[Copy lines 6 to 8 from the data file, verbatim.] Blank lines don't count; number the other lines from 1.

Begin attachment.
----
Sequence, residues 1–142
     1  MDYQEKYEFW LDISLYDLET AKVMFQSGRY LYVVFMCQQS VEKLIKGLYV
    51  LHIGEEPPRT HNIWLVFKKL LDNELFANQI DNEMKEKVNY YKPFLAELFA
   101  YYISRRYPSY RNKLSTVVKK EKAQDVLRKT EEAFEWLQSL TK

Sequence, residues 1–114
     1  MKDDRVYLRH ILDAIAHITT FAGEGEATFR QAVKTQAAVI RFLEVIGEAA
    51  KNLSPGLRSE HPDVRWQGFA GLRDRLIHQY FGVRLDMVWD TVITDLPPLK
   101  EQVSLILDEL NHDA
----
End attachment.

     1  MKDDRVYLRH ILDAIAHITT FAGEGEATFR QAVKTQAAVI RFLEVIGEAA
    51  KNLSPGLRSE HPDVRWQGFA GLRDRLIHQY FGVRLDMVWD TVITDLPPLK
   101  EQVSLILDEL NHDA